Convert seconds to a decimal

Format the field to display minutes and seconds. The custom format to display minutes and seconds in Tableau is nn:ss.

Showing seconds as minutes and seconds in Tableau
Set a custom format on the decimal seconds

Notice I wrote “nn” and not “mm” for minutes. “mm” is also an abbreviation for months. For some reason, when “mm” is not alongside “hh”, Tableau recognises it as months.

Therefore, to display only minutes and seconds, refer to minutes using “nn”. Tableau recognises the “nn” as minutes.

Thanks to this video for providing this “nn” trick.

Tableau functions to create a time

If there’s a combination of time-based fields within the data source, it’s possible to build a time using these fields. In a calculated field, there are some formula options to create the time.

The MAKETIME function makes integers into a time. The DATEPARSE function can convert a string into a datetime data type.

The DATEPARSE function

This field takes a string, in a specific format, and converts it to a datetime data type.

Use this option if the time comes in a string format. This function works with most data sources, but not all.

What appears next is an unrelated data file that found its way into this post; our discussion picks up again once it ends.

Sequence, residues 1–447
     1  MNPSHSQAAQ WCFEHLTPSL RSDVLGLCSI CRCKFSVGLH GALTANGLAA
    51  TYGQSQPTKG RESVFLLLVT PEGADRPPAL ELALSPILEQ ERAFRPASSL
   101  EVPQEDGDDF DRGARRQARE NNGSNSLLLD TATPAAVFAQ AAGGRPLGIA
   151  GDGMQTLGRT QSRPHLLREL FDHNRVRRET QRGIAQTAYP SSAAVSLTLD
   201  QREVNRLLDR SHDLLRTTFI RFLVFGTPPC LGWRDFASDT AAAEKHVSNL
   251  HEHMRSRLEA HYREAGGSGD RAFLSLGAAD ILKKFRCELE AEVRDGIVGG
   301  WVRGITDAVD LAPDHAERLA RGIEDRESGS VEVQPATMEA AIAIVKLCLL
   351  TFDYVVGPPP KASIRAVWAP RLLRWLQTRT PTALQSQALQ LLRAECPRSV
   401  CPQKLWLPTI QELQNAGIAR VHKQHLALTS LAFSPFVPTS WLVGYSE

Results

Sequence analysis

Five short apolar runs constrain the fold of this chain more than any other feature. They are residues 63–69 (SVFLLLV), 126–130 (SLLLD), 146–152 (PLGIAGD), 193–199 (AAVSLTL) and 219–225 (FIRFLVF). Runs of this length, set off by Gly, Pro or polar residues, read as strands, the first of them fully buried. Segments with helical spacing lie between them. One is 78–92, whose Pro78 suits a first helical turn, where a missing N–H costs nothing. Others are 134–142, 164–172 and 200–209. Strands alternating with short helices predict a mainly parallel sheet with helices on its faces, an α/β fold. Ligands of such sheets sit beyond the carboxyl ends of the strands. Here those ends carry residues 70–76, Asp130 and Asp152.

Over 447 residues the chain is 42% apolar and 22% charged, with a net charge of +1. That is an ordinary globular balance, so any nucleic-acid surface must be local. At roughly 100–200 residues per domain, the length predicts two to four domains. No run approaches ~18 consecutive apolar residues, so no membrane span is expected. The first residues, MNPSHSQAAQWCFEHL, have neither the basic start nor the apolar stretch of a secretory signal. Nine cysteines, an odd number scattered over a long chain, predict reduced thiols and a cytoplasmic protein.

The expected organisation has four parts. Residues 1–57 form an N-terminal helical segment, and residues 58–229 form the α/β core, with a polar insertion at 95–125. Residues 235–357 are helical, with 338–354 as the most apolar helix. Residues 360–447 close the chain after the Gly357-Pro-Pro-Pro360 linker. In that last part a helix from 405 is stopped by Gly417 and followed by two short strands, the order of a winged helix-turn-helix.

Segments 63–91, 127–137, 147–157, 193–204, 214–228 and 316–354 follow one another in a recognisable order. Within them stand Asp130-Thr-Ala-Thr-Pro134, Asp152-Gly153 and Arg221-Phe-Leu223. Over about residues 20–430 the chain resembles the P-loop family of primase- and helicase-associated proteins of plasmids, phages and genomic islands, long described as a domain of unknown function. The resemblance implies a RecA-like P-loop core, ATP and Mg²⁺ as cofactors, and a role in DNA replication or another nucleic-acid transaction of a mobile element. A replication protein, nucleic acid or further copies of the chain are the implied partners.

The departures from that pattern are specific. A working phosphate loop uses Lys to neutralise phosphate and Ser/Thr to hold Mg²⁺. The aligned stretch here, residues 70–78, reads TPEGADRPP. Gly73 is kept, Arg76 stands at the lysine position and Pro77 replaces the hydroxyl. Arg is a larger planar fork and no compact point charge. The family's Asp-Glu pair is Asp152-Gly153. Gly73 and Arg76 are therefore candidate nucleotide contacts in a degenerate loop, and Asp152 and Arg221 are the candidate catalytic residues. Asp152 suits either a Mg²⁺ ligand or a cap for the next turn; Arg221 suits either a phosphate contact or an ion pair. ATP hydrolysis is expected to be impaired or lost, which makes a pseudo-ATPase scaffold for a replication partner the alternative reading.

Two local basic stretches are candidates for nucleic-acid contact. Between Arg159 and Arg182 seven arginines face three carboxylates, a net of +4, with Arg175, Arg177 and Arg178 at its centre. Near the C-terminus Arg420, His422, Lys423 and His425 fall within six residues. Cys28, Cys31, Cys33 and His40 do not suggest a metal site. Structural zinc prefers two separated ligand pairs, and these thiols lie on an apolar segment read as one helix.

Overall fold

The syntax of DATEPARSE is:

DATEPARSE(datetime format, string)

The DATEPARSE function doesn’t require a date; if a date isn’t provided, Tableau sets this to 1 Jan 1900.

For example, if there’s a field in the data source with hours and minutes combined – e.g. it has 2130 as one value in the field – convert that to a time with the following:


“hhmm” is telling the DATEPARSE function the format of the datetime data, with the field name containing the data in the specified format.

Tableau calculated field to convert a text time to a datetime data type
This converts a 24 hour text time field to a datetime data type

For the value 2130, the above DATEPARSE function will return 1 Jan 1900 21:30:00

Once Tableau recognises it as a datetime, use a custom format to only display the time component.

Use a custom format to display only the time component of this:

Showing the different custom time formats of the Tableau datetime field
Showing the datetime and time format of the same field

The MAKETIME function

As this function name suggests, it makes a time out of integers. This has limitations; it only works with data extracts. It won’t work with other data sources.

Use this when you have separate numeric fields for hours, minutes and seconds.

The syntax of MAKETIME is:

MAKETIME(hours, minutes, seconds)

The values of the time parts must be integers.

Therefore, to use the MAKETIME function, enter a value for Hours, Minutes and Seconds into the function.

For example:


Returns 9.30.00

These can be fields within the data source, or you can enter a constant. For example, if there’s an Hour and Minute field within the data, the following would combine those to return the time:


This sets the time to 0 seconds – i.e. the beginning of the minute.

Download Tableau Time Format Examples

I have put these simple examples into a Tableau Public workbook. Download it and see how it works; all quite simple once you know how!